Note: This is an archived Handbook entry from 2010.
|Dates & Locations:|| |
This subject has the following teaching availabilities in 2010:Semester 1, Parkville - Taught on campus.
Timetable can be viewed here. For information about these dates, click here.
|Time Commitment:||Contact Hours: Two lectures and a 2-hour laboratory or practical class per week |
Total Time Commitment: 4 contact hours/week , 4 additional hours/week. Total of 8 hours per week.
|Recommended Background Knowledge:||N/A|
|Non Allowed Subjects:||N/A|
|Core Participation Requirements:||
For the purposes of considering request for Reasonable Adjustments under the Disability Standards for Education (Cwth 2005), and Students Experiencing Academic Disadvantage Policy, academic requirements for this subject are articulated in the Subject Description, Subject Objectives, Generic Skills and Assessment Requirements of this entry. The University is dedicated to provide support to those with special requirements. Further details on the disability support scheme can be found at the Disability Liaison Unit website: http://www.services.unimelb.edu.au/disability/
CoordinatorMr Grant Walton
|Subject Overview:||This subject is an introduction to geography and development studies. It examines the problems of hunger, famine, poverty and population growth, and as it does so it introduces key issues, concepts and theories central to geography and development studies. The subject is structured around an examination of two contrasting theories of hunger and famine. The 'Malthusian' theory argues that famine is a matter of the balance of population and environmental resources. Evidence is drawn together from demography, environmental change and degradation, and the environmental impact of the green revolution. The 'political economy' theory argues that famine is a matter of the distribution of food. Evidence is drawn together to explain differences in access to food within and between societies, including the implications of agribusiness and the global food trade and the effect of war on food supply. The subject also considers the ways in which aid, food, and development policies are informed by these theories. Students who complete the subject should be familiar with these theories and the causes, extent, and possible solutions to famine and food problems.|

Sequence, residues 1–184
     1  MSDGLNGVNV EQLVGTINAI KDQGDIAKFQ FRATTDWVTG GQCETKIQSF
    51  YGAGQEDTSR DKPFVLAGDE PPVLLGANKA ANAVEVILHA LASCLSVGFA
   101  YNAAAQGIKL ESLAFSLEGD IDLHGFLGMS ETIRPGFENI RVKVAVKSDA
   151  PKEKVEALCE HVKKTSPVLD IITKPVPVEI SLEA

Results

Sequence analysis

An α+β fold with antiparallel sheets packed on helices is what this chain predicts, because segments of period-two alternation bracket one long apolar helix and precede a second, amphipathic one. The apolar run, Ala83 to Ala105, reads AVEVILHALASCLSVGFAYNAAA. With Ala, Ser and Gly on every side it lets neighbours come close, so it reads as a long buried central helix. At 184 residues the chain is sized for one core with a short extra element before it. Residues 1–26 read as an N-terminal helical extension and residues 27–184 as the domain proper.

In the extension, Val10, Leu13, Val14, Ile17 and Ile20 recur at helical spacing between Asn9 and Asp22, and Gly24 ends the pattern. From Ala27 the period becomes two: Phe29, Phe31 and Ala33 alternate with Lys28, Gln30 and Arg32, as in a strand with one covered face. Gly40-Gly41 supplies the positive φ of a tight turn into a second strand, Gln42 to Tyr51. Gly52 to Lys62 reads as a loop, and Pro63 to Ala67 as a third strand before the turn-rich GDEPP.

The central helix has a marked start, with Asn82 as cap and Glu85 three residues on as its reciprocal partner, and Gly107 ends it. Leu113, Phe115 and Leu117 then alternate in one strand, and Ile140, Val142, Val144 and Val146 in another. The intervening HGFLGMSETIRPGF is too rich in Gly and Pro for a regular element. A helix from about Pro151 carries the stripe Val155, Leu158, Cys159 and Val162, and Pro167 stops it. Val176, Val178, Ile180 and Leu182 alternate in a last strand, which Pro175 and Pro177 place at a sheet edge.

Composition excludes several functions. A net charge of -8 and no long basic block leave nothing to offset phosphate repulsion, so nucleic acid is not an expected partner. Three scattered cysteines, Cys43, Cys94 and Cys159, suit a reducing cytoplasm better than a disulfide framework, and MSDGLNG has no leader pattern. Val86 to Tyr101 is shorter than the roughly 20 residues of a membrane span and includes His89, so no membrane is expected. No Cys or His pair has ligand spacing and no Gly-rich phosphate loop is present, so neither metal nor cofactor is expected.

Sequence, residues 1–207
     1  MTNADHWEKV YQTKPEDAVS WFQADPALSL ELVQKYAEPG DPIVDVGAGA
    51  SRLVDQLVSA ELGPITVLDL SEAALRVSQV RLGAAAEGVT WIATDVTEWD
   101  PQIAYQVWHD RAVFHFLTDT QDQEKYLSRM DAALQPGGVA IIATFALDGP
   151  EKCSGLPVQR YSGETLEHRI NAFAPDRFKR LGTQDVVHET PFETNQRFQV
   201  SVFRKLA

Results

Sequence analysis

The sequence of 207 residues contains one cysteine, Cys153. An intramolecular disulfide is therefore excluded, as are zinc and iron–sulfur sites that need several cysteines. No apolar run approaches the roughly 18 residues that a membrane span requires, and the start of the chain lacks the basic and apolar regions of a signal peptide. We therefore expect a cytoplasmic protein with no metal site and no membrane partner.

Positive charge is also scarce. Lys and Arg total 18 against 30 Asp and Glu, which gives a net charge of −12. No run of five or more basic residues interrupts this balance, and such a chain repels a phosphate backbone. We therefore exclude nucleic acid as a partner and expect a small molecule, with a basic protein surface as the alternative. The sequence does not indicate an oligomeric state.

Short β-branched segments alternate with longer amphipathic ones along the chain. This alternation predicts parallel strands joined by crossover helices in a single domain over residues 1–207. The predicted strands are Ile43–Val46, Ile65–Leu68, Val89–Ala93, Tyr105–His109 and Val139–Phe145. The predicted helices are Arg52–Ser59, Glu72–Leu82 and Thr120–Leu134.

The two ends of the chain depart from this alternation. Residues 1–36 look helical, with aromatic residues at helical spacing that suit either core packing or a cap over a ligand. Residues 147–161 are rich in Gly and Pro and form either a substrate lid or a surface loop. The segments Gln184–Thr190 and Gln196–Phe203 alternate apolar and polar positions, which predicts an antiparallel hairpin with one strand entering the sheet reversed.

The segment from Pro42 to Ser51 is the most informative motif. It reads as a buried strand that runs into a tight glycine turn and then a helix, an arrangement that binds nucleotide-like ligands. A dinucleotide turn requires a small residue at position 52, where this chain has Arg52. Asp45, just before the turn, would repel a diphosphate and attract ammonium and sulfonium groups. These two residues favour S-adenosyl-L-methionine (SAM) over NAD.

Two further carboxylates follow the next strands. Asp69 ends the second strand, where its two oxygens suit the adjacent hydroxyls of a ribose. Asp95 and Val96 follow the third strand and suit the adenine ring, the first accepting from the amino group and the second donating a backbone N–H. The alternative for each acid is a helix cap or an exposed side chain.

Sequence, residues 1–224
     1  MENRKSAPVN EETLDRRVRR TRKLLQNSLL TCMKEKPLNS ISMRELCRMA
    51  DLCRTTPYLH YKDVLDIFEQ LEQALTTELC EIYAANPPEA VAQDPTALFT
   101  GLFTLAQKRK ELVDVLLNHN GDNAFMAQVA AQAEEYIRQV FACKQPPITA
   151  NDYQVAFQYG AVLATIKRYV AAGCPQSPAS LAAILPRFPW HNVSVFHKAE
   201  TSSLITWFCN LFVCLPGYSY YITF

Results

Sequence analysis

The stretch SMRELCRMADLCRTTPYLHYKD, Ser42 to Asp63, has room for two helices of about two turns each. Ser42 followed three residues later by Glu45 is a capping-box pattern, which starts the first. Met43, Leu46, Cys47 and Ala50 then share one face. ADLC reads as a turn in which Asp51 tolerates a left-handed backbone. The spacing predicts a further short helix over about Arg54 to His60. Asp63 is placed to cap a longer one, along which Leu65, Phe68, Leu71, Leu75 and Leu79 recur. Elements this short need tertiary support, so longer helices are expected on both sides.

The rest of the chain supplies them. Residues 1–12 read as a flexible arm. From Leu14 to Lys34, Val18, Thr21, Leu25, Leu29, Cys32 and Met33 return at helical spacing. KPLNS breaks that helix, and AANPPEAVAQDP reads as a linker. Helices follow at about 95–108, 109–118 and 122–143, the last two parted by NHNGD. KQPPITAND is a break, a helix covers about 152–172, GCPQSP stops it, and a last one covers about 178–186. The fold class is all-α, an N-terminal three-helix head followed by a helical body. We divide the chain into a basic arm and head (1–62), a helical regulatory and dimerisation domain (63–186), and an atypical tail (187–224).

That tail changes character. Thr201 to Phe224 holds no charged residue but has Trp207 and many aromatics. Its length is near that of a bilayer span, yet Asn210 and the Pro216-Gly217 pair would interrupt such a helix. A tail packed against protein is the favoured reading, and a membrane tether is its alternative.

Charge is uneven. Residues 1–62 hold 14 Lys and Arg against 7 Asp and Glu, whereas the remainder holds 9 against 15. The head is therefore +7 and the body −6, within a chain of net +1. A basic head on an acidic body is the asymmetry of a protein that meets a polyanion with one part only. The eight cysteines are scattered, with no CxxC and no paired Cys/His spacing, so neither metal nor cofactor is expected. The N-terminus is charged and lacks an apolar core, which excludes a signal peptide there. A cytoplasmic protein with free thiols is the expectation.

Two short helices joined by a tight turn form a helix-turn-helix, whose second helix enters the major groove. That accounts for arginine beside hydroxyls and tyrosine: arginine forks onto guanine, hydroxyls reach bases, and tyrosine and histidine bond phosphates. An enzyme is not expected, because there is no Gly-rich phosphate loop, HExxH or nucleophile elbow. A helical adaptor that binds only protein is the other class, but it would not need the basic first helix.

A 2-hour examination (worth 40%, in examination period), a 1000-word paper (worth 15%, due mid-semester), a second 1000-word paper (worth 15%, due at the end of semester) and practical/ tutorial exercises (worth 30%).
|Prescribed Texts:|| |
A subject reader will be available from the University Bookshop at the beginning of semester.
|Breadth Options:|| |
This subject potentially can be taken as a breadth subject component for the following courses:
You should visit learn more about breadth subjects and read the breadth requirements for your degree, and should discuss your choice with your student adviser, before deciding on your subjects.
|Fees Information:||Subject EFTSL, Level, Discipline & Census Date|
|Notes:||Students enrolled in the BSc (both pre-2008 degree and new degree), or a combined BSc course (except for the BA/BSc) will receive science credit for the completion of this subject. |
Bachelor of Science |
Anthropology and Development |
Anthropology and Development
Development Studies Major
Environmental Geographies, Politics and Cultures
Environmental Studies Major
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